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Purpose

This chapter investigates whether traditional design-oriented coordination instruments or more modern management concepts have a stronger influence on the success of forward technology transfers within MNCs.

Design/methodology/approach

We conducted an empirical study analyzing the relative influence of (a) traditional coordination instruments (structural, technocratic, and person-oriented) and (b) modern management concepts (epistemic community and absorptive capacity) on the success of forward technology transfers within MNCs.

Findings

The study finds evidence that the traditional coordination instruments relate to specific aspects of the success of such transfers. Comparing the different types of coordination instruments, this chapter shows that not only the person-oriented, but also the structural and technocratic coordination instruments relate positively with the achievement of technology transfer goals. The study finds stronger relationships between the traditional coordination instruments and the technology transfer goals than between the modern management concepts and the technology transfer goals.

Originality/value

We believe that these results have important implications for the management of international technology transfers in particular and for the focus of future (international) management research in general. Future MNC research studies need to include traditional coordination instruments, since they continue to strongly influence organizational behavior and outcomes. This would help to make organizational research on MNCs more cumulative and complete.

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Purpose

This chapter bridges the gap between two distinct approaches to the concept of psychic distance – measuring it in terms of people’s perceptions of distance or in terms of exogenous national-level differences. The two approaches are reconciled in a “refined and integrative” definition of the concept, which is tested empirically using a mediating model.

Methodology

Structural equation modeling is used on a bilateral sample of 25 countries to test whether perceptions of psychic distance mediate the relationships between national-level differences and bilateral trade and investment.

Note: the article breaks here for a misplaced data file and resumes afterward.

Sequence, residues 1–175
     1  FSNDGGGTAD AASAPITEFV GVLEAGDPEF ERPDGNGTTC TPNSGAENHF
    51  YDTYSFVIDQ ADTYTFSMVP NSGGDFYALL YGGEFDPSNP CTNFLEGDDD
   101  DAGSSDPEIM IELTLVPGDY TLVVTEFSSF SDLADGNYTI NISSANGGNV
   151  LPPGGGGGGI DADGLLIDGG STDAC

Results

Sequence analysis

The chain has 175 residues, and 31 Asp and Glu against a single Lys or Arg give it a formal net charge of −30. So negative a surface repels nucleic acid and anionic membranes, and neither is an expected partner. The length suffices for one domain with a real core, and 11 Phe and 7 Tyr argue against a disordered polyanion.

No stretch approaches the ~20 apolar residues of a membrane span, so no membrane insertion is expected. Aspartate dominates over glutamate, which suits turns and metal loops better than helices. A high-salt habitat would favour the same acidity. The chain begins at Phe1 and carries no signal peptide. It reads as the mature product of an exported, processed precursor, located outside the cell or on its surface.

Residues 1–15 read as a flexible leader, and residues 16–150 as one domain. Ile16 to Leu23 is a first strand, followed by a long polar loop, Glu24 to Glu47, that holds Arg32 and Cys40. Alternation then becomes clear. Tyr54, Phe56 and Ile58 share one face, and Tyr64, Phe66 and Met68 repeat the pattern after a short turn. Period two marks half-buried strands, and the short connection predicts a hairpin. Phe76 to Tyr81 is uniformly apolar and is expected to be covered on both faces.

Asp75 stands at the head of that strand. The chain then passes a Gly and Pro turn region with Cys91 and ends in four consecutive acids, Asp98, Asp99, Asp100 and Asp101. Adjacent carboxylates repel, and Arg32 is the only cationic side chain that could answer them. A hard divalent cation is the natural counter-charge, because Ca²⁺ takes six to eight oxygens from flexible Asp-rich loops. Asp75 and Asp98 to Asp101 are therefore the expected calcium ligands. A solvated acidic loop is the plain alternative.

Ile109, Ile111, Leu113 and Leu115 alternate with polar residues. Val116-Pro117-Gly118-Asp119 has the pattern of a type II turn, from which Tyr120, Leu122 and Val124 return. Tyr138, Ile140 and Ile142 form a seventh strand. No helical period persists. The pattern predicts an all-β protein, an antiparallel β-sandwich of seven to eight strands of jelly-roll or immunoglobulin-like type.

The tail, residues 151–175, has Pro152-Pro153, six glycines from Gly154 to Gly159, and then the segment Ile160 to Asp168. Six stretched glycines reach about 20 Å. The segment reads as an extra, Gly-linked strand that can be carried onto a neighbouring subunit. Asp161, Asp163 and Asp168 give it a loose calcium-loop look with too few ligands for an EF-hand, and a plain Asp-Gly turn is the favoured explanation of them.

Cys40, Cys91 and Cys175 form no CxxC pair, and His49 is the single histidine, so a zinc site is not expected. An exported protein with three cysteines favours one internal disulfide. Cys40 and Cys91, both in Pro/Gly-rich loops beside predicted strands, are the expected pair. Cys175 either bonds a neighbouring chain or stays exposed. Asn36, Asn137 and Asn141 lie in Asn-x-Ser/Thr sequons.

Findings

By testing for alternative direct paths, the chapter confirms that for the main forms of national-level differences, culture, socioeconomic development, language, and religion, psychic distance fully mediates their relationships with both trade flows and investment patterns. However, for geographic distance, while the relationship is fully mediated for investment, it is only partially mediated for exports. Two asymmetric “distance-bridging” factors are also found to be significant antecedents of psychic distance.

Originality and implications

This chapter is the first to empirically demonstrate the mediating relationship between exogenous national-level differences and perceptions of psychic distance, and thus, provides new insights into the debate over which measurement approach is more appropriate. Perceptions of psychic distance, even if measured by expert panels rather than the actual decision-makers, fully capture the impact of national-level differences on trade and FDI flows; however, if such measures of perceptions are not available, a simple selection of four national-level differences will still capture 80% of the same effect.

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Purpose

This chapter examines the role of formal and informal institutions in foreign direct investment (FDI) dynamics.

Design/methodology/approach

We examine the effects of the quality of legal, political, and economic formal institution as well as the effect of institutional distance (based on new dataset) on bilateral inward FDI stocks in 34 Organization for Economic Cooperation and Development countries for the period 1990–2010 using a gravity specification. Additionally, we also examine FDI for the effects of a specific informal institution – attitude of the public toward economic liberal issues. Reactions of FDI to liberal and nonliberal public opinion (part of informal institutions) are examined with and without controlling for formal institutions.